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By Donna Rosato
July 1, 2014
Robert A. Di Ieso, Jr.

Q: I live in New Jersey. Which state would be financially better to retire to: Pennsylvania or North Carolina? – Kevin, Bridgewater, NJ

A: Your cost of living in retirement can make or break your quality of life, so it’s smart to take financial factors into account as you decide where to live. Moving from New Jersey where taxes are steep and home prices are high to a more affordable area will allow your savings to stretch further. Housing and property taxes are the biggest expenses for older Americans, according to the Employee Benefit Research Institute.

By those measures, North Carolina and Pennsylvania both stack up fairly well. Neither state taxes Social Security benefits or has an estate tax, though Pennsylvania has an inheritance tax and North Carolina will begin taxing pension income for the 2014 tax year. When it comes to cost of living, Pennsylvania has a slight edge. The median price of homes in Pennsylvania is $179,000 vs. $199,000 for North Carolina, according to Zillow. Income tax is a flat 3.07% in Pennsylvania while North Carolina has a 5.8% income tax rate. You can find more details on taxes in each state at the Tax Foundation and CCH. But both states have cities—Raleigh and Pittsburgh—that landed at the top of Money’s most recent Best Places to Retire list.

Of course, you need to look beyond taxes and home prices when choosing a place to live in retirement, says Miami financial planner Ellen Siegel. Does your dream locale have high quality, accessible healthcare or will you have to travel far to find good doctors? Will you be near a transportation hub or will you live in a rural area that’s expensive to fly out of when you want to visit family and friends?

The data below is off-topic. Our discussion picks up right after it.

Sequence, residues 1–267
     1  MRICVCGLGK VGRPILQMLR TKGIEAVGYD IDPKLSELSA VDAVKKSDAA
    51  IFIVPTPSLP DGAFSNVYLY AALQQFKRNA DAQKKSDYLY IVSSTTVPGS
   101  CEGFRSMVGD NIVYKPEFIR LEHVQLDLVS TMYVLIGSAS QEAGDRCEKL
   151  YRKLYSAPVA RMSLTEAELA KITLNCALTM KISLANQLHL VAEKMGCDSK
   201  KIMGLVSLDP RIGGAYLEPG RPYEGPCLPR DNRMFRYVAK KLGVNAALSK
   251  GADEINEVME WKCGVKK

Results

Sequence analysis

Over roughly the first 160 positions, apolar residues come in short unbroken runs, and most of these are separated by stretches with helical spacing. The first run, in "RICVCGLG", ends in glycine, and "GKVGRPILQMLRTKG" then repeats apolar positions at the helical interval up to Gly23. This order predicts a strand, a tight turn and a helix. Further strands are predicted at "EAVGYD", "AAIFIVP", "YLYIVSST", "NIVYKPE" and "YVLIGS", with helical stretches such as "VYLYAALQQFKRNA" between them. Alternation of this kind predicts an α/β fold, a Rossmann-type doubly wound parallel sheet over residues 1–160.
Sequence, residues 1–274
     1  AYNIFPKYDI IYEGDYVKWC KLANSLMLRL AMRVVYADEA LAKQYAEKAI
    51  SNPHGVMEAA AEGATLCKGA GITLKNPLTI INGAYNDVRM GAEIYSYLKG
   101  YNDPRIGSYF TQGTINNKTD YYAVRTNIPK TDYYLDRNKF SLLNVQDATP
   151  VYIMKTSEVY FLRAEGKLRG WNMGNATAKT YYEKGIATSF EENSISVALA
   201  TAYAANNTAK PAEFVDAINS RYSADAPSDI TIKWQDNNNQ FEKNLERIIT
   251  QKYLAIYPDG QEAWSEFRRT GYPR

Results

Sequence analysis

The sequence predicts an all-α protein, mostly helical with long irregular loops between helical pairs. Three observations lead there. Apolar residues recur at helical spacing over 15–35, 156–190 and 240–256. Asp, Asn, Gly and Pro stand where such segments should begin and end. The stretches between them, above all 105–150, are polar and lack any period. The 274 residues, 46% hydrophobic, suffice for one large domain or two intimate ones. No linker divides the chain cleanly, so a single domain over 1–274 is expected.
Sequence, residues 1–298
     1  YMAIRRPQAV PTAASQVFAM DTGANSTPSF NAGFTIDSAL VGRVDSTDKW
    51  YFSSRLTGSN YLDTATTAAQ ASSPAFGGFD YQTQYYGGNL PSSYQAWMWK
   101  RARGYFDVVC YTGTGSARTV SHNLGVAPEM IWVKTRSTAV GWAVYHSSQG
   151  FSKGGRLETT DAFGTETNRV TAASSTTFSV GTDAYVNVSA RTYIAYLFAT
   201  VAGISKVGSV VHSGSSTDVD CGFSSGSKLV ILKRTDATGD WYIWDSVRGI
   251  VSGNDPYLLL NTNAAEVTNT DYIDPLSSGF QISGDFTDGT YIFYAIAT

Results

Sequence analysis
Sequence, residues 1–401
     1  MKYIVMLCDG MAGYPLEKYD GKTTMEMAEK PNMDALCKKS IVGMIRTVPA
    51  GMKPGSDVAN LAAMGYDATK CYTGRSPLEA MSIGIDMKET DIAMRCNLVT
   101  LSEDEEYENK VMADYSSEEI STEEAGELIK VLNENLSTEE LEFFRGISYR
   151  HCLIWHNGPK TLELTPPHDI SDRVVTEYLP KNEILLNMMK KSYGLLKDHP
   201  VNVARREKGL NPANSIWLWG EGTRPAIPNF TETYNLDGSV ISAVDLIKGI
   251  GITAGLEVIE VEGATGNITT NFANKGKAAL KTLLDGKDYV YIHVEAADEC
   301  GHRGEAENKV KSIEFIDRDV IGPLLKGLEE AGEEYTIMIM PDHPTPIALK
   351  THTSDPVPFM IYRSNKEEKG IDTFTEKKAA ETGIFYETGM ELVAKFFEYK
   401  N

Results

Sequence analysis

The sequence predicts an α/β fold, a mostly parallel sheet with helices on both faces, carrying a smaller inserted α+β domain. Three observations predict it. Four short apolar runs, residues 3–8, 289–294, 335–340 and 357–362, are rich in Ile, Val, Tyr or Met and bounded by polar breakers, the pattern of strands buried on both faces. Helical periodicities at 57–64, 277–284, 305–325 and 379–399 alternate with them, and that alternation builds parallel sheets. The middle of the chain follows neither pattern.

There are lifestyle considerations, too. If you like to spend time outside, will the climate allow you enjoy those outdoor activities most of the year? If you favor rich cultural offerings and good restaurants nearby, what will you find? Small towns tend to be less expensive but may not offer a vibrant arts scene or many dining options.

To determine whether a place is really a good fit for your retirement, you need to spend more than a few vacation days there. So practice retirement by visiting at different times of the year for longer periods. Stay in a neighborhood area where you want to live and get to know area residents. “Having a strong social network is important as you get older and if you move to a new area, you want to make sure you can make meaningful connections and find fulfilling activities,” says Siegel. By test driving your retirement locations before you move, you”ll have a better shot at getting it right.

Have a question about your finances? Send it to asktheexpert@moneymail.com.

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Advertiser Disclosure

The purpose of this disclosure is to explain how we make money without charging you for our content.

Our mission is to help people at any stage of life make smart financial decisions through research, reporting, reviews, recommendations, and tools.

Earning your trust is essential to our success, and we believe transparency is critical to creating that trust. To that end, you should know that many or all of the companies featured here are partners who advertise with us.

Our content is free because our partners pay us a referral fee if you click on links or call any of the phone numbers on our site. If you choose to interact with the content on our site, we will likely receive compensation. If you don't, we will not be compensated. Ultimately the choice is yours.

Opinions are our own and our editors and staff writers are instructed to maintain editorial integrity, but compensation along with in-depth research will determine where, how, and in what order they appear on the page.

To find out more about our editorial process and how we make money, click here.

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